BALTIMORE — The Preakness winner almost always comes from the Kentucky Derby. So the first thing I do every year on the Monday after the Derby is watch what happened to every potential Preakness starter during the running of the race. I spent less time this year because only four Derby horses are running in the Preakness.
There are no Kentucky Derby “winners“ in the Preakness. In fact, none of the first four across the line are running back at Pimlico on Saturday — three due to the quick two-week turnaround between races and official Derby winner Country House because trainer Bill Mott suspected the horse was about to get sick.
It’s been almost two weeks but there is still more talk about what happened on the far turn of the Derby that resulted in the disqualification of Maximum Security from first to 17th than there is about the Preakness. So I will get to the Preakness later.
I have read a lot of opinions and listened to even more about the DQ. My initial opinion stands and for the same reasons. There should not have been a DQ. Was there a foul caused by Maximum Security? Yes, but it’s at least possible Maximum Security was hit from behind right before he veered out into the path of several horses. For the sake of this argument, however, let’s just say Maximum Security caused the foul.
The stewards decided Maximum Security interfered with War of Will, Bodexpress and Long Range Toddy, which finished eighth, 14th and 17th respectively. What I did that the stewards apparently did not was keep watching after the foul.
Stewards have discretion to decide even if there was a foul that if the “fouled“ horse’s chance to finish in the money was not really impacted, the result stands. In the rest of the world, the standard is even more precise. The stewards must decide the fouled horse would have beaten the horse that committed the foul if the foul had not happened.
War of Will had the entire stretch to pass Maximum Security, could not do it and tired badly in the final 100 yards. I feel confident the other two horses were starting to fade when the foul happened. One can make the case the stewards went by the letter of the rules, but they missed on common sense and justice.
The silliest argument in favor of a DQ is that the Derby should be just like the third race at Parx on a Tuesday. That makes a wrong assumption that the third race is judged like the fourth race or a race the next week or at another track. Anybody who has spent any significant time at a race track knows how arbitrary steward decisions have always been. There is zero consistency. I have seen so many bizarre decisions that I concluded years ago a quite radical, but better way would be no objections, first horse to the wire wins.
That isn’t going to happen, of course. But common sense should.
On to the Preakness.
I like War of Will, but not because of what happened on the far turn. The colt was trapped on the rail the entire run down the backstretch, his mouth wide open, using energy while trying to run with no room to do it. Then, when War of Will finally got off the rail (if only jockey Tyler Gaffalione had stayed there a few seconds longer a giant hole was about to open and there is no incident), he came with a strong nearly quarter mile run chasing a flying Maximum Security.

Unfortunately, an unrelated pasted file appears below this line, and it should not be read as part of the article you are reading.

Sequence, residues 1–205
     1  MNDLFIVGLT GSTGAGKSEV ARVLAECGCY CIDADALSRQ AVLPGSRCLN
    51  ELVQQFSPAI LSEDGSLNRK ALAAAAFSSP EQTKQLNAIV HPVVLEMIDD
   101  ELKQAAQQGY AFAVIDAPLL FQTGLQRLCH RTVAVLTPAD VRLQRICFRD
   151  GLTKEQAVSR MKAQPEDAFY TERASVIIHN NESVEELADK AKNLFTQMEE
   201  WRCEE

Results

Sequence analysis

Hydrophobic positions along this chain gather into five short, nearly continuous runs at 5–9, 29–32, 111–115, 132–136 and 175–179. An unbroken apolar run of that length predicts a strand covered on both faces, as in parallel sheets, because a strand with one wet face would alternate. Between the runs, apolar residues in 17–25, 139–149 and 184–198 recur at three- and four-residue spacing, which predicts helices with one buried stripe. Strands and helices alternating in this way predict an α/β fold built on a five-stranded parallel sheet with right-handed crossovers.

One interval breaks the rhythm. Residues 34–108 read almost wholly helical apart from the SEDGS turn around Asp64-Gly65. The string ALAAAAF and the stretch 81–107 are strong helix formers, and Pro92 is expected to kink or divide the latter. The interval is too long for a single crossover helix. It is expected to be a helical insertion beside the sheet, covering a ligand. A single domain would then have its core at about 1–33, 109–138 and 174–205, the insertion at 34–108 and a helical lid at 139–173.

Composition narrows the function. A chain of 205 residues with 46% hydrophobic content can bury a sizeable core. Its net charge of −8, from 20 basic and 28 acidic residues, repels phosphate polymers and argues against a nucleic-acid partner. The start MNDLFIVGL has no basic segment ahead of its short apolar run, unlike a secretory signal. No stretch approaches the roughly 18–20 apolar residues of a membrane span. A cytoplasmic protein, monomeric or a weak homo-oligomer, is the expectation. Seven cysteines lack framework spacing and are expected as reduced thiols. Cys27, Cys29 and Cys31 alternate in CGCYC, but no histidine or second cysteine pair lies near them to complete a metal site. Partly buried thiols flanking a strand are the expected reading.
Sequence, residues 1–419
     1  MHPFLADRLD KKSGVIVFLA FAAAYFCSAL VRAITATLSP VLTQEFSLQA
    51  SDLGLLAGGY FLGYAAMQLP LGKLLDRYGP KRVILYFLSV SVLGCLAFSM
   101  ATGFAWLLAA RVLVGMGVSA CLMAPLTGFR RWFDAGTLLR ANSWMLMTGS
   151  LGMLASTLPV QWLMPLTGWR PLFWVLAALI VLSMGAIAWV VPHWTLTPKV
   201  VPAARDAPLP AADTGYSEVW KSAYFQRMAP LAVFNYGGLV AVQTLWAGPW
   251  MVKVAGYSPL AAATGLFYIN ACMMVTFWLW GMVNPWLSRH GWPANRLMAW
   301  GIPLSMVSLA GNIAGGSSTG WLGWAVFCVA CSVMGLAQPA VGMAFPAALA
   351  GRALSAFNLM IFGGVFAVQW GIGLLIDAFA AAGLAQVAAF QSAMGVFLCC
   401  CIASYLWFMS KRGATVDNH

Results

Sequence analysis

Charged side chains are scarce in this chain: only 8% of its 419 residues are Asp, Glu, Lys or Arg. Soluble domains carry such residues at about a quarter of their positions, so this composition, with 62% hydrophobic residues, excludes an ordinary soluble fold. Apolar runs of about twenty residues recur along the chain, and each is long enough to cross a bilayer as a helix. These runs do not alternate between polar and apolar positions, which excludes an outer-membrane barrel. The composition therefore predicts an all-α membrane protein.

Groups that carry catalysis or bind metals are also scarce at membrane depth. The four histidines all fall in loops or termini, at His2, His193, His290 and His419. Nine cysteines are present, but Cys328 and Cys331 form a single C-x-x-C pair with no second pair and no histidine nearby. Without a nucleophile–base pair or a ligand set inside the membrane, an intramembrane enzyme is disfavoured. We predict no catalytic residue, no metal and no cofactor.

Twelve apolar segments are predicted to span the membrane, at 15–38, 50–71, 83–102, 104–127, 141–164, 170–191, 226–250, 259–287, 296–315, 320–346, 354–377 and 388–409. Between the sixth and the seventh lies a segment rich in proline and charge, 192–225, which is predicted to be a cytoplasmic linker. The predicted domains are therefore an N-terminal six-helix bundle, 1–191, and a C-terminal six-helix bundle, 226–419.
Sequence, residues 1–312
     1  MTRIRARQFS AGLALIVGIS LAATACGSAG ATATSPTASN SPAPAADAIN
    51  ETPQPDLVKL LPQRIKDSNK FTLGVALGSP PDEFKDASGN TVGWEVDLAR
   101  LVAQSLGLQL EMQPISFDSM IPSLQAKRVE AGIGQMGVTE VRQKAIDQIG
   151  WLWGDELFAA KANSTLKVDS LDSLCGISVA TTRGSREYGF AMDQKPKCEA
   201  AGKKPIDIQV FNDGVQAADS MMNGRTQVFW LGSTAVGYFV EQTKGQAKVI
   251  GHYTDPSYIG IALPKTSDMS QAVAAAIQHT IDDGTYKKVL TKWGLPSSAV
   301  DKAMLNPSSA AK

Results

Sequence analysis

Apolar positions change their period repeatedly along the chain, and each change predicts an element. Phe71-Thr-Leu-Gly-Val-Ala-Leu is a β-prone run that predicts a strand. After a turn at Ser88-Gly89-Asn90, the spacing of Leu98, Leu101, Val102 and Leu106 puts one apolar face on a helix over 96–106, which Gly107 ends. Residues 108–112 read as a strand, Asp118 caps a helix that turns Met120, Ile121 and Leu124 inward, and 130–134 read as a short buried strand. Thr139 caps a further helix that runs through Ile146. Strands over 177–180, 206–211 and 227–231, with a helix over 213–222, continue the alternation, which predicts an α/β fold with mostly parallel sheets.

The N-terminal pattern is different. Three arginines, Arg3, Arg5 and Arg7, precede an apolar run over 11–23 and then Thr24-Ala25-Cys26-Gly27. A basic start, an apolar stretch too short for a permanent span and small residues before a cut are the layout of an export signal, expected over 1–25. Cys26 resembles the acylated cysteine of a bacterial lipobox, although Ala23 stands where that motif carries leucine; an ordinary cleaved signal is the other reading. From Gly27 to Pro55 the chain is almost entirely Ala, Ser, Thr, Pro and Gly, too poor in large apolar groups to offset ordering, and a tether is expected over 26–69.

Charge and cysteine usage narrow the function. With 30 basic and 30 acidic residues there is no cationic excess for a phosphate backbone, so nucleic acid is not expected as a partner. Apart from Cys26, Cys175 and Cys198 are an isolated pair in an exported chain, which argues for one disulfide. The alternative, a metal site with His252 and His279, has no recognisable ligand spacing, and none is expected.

With a better, more comfortable position in the Preakness and five early speed horses potentially spreading the field out, I expect War of Will’s run to be much more effective. In fact, he reminds me of Classic Empire, second, due to a poorly judged ride, in the 2017 Preakness after a difficult trip in the Derby. Mark Casse, one of the very best not to win a Triple Crown race, trains War of Will just as he did Classic Empire.
Improbable, fifth in the Derby before being moved to fourth, is the likely favorite with the deadly Bob Baffert-Mike Smith combination. He was also kind of locked in during much of the race. If he can see sky instead of horses in front of him, I expect him to finish much better. And there is the matter of Baffert going for a record eighth Preakness.
Win Win Win had some traffic troubles in the Derby just before the quarter pole. He is not impossible at a price. Bodexpress ran really hard to the far turn, but the colt has never won and they are asking a lot after such a difficult race.
A few in the non Derby group of nine are much stronger than usual. Alwaysmining is the best Maryland-based Preakness horse in years, with his dominating six-race win streak and early speed. Lexington Stakes winner Owendale and sharp Oaklawn Park allowance winner Warrior’s Charge come from the powerful Brad Cox barn. Anothertwistafate is super consistent. Bourbon War was solid this winter and his South Florida form held up very well in Kentucky.
My biggest issue is I am having trouble seeing how this race will be run with nearly half the field having enough early speed to lead or at least harass the leader, the opposite of the way I saw the Derby.